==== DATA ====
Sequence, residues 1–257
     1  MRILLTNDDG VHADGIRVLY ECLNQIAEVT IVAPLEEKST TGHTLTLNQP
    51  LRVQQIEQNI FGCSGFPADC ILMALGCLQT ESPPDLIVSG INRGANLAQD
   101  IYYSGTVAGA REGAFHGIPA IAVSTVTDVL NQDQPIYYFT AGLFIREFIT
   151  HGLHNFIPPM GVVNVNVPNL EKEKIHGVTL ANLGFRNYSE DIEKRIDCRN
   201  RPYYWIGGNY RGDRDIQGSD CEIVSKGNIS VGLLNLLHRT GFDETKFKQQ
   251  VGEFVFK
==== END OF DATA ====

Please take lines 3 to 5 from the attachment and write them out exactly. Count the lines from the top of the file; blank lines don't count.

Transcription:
    51  LRVQQIEQNI FGCSGFPADC ILMALGCLQT ESPPDLIVSG INRGANLAQD
   101  IYYSGTVAGA REGAFHGIPA IAVSTVTDVL NQDQPIYYFT AGLFIREFIT
   151  HGLHNFIPPM GVVNVNVPNL EKEKIHGVTL ANLGFRNYSE DIEKRIDCRN